Jake Adam York

They bring it up in chains,
rusted dark as mud,
and the bore shoots water
till right. The whole crowd scatters,
convinced itís charged. 
Scientists wave it over, unalarmed.
A whistle blows, and a shift
of steelworkers turns from the river, 
amazed the Rebel cannon lay
so close, just feet below
when they swam, slow nights, 
the water hot, metallic,
iron biting at their tongues,
so close they could have kicked it. 
At dark, blue flame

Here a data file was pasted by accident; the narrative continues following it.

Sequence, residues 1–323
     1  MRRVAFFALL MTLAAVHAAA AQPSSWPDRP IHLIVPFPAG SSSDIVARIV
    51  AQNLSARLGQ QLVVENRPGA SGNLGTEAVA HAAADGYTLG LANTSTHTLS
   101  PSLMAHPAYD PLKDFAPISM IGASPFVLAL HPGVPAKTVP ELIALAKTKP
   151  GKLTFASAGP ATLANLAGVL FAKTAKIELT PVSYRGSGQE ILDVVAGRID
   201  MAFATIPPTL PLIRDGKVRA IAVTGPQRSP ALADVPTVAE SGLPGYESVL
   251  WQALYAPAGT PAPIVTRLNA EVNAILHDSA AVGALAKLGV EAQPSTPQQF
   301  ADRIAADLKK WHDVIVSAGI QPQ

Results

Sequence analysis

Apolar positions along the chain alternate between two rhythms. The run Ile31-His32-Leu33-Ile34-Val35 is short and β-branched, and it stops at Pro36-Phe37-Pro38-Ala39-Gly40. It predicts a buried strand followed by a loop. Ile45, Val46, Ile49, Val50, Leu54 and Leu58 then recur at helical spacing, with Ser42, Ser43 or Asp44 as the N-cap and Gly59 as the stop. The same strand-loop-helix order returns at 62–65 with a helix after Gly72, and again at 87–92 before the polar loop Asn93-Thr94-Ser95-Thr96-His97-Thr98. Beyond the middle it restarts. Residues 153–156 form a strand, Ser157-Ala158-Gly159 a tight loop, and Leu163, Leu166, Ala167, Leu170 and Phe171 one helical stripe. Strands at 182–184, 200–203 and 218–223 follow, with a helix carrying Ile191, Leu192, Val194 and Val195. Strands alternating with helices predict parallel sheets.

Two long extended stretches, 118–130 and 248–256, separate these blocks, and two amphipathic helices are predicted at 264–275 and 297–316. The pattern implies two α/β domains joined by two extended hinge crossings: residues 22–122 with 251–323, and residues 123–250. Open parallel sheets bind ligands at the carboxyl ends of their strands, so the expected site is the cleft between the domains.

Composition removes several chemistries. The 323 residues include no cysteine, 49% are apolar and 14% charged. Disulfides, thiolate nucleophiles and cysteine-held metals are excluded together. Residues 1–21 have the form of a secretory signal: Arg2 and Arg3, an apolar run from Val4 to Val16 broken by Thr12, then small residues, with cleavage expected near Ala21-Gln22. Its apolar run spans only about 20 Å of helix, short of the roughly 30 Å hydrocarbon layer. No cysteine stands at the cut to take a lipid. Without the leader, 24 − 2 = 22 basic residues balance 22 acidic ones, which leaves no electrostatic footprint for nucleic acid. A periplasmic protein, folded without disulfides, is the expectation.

rises from the gas-plant,
painting everything with its glow,
and the furnace crew perches 
to watch the river steam. 
One by one, they rise 
to trawl the bank, tracing 
exhaust upstream and down. 
The others sit on the rails, 
still warm, like the test-irons 
they worry in their hands,
thinking how the metal smells,
how dear it holds
whatever heat you give.
Originally appeared in Louisiana Literature

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